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My Mummy had Braces! Weird Facts about the History of Braces

March 20th, 2019

Sometimes real life is stranger and more interesting that any made-up story. These weird and interesting facts about braces will amuse you … and make you glad you didn’t have to get braces “way back when.”

Mummies with braces: Archaeologists have discovered mummies with crude bands of metal wrapped around their teeth. The metal was wrapped around each individual tooth, and it is believed that ancient dentists used catgut to guide the teeth and close the gaps.

First “official” braces: The first official braces were constructed in 1728 by Pierre Fauchard. They consisted of flat strips of metal. String was used to connect the metal to the teeth.

Early rubber bands: In 1850, Tucker began making rubber bands out of rubber tubing.

Brackets are better: Brackets were invented by Edward Angle in 1915. They were not bonded to the teeth directly, but instead were attached to bands that went around the teeth.

Wiring by NASA: As braces have become more modern, the technology has improved by leaps and bounds. You may know that some braces wire contains nickel titanium. What you may not know is that this metal was developed by NASA and has special shape memory that is activated by pressure or body heat.

Over 60 with braces: Actress Faye Dunaway got braces at the age of 61, which shows you are never too old to look more fabulous!

Oh, and one more thing that didn’t quite make our list, but is interesting all the same. Did you know that almost 25 percent of patients who get braces have to get them again because they wouldn’t wear their retainers? So suck it up, buttercup, and use that retainer!

Common Braces Problems

March 13th, 2019

It’s useful to know some of the common problems that can arise when you get braces. Even if you take great care of your braces and teeth, you might not be able to avoid certain issues or side effects that accompany braces. But don’t worry: These are all common problems that can be taken care of by following some simple advice.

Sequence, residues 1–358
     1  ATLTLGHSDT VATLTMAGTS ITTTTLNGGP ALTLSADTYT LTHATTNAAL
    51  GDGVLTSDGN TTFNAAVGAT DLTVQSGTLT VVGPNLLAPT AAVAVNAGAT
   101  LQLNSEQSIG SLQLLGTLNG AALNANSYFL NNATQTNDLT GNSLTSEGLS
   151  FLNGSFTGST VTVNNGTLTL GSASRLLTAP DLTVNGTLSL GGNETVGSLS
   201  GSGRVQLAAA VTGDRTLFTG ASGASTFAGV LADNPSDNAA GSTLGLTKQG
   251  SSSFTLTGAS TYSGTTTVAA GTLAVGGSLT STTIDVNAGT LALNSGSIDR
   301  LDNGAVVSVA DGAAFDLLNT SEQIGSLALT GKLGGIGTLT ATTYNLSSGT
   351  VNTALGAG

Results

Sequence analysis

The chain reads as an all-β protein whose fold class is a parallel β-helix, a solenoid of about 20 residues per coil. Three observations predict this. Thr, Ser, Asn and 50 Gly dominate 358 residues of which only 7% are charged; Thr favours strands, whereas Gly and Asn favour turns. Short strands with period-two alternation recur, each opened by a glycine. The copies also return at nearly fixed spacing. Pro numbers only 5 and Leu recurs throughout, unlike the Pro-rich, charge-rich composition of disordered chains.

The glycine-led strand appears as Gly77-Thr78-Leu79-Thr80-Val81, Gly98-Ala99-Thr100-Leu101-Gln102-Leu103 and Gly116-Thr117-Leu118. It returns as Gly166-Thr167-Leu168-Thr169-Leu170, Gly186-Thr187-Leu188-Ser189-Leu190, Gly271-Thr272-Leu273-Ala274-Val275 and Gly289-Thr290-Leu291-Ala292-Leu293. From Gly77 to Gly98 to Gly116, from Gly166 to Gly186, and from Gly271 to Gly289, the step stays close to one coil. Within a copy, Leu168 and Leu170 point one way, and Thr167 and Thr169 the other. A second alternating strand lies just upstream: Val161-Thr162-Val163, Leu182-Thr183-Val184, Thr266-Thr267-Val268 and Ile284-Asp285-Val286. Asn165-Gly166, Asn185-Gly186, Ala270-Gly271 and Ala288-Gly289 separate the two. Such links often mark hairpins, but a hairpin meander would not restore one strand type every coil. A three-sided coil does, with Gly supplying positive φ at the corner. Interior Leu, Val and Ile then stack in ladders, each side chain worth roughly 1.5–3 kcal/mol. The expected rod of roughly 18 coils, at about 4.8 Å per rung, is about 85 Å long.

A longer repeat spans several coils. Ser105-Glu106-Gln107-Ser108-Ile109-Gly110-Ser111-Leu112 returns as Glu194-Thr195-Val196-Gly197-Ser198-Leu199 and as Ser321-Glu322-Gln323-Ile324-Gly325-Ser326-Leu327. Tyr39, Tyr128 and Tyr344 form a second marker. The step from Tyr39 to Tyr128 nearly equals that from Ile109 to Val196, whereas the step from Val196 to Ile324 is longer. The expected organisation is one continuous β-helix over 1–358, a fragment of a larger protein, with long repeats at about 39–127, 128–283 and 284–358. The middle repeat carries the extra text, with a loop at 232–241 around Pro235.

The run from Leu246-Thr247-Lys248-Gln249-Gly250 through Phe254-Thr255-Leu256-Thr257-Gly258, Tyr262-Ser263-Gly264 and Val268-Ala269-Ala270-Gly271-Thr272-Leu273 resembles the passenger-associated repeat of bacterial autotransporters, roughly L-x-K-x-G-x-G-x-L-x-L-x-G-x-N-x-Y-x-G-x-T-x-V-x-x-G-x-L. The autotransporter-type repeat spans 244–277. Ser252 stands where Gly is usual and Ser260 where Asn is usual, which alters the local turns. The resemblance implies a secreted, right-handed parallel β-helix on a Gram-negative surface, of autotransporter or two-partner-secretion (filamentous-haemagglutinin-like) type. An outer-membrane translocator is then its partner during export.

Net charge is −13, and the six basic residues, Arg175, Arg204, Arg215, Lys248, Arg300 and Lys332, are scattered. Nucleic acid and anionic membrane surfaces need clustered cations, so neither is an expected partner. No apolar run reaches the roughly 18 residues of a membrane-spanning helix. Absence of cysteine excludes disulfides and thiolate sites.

If you just had your braces put on, you may notice some general soreness in your mouth. Your teeth are starting to adjust to having to shift, so they may ache, and your jaw might feel tender at first. This will subside once your mouth becomes used to the new appliance in residence.

You may experience soreness on your tongue or mouth, which may be a sign of a canker sore. Canker sores are common when braces rub against your mouth. You can use ointments to relieve pain and numb the area that’s been irritated. Canker sores are commonly caused by broken wires or loose bands on your braces.

Common Issues

  • Loose brackets: Apply a small amount of orthodontic wax to the bracket. You might also apply a little between the braces and the soft tissue of your mouth.
  • Loose bands: These must be secured in place by Dr. Andrew Schwartz. Try to save the band for repair.
  • Protruding or broken wires: Use the eraser end of a pencil to push the wire carefully to a less painful spot. If you are unable to move it, apply orthodontic wax to the tip. If a mouth sore develops, clean your mouth with warm salt water or antiseptic rinse.
  • Loose spacers: These will need to be repositioned by Dr. Andrew Schwartz and possibly replaced.

Avoiding Issues

You should avoid certain foods that could cause major damage to your braces. No matter what you eat, make the effort to cut your food into small pieces that can be chewed easily. This will prevent chunks of it from getting lodged between brackets.

Avoiding hard and chewy foods is also wise. Some foods can break your hardware: for example, popcorn, nuts, apples, gum, taffy, and hard candies. Avoiding any foods that easily got stuck in your teeth when you didn’t have braces is a good rule to follow.

The appliances in your mouth are bound to attract food particles and make it easier for plaque to build up. By making sure you brush and floss carefully every day, you can prevent stains and cavities from developing over time. Dr. Andrew Schwartz and our team recommend brushing and making sure that food isn’t lodged between your braces after every meal.